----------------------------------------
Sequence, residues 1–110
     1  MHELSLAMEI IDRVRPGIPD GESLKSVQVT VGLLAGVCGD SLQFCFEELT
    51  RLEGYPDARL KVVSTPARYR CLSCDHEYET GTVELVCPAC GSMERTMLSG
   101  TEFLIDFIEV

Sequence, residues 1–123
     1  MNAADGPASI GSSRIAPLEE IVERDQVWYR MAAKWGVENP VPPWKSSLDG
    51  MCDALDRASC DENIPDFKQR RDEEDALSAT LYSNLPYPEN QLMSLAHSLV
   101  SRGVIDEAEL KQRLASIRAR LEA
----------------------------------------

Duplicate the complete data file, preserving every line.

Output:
Sequence, residues 1–110
     1  MHELSLAMEI IDRVRPGIPD GESLKSVQVT VGLLAGVCGD SLQFCFEELT
    51  RLEGYPDARL KVVSTPARYR CLSCDHEYET GTVELVCPAC GSMERTMLSG
   101  TEFLIDFIEV

Sequence, residues 1–123
     1  MNAADGPASI GSSRIAPLEE IVERDQVWYR MAAKWGVENP VPPWKSSLDG
    51  MCDALDRASC DENIPDFKQR RDEEDALSAT LYSNLPYPEN QLMSLAHSLV
   101  SRGVIDEAEL KQRLASIRAR LEA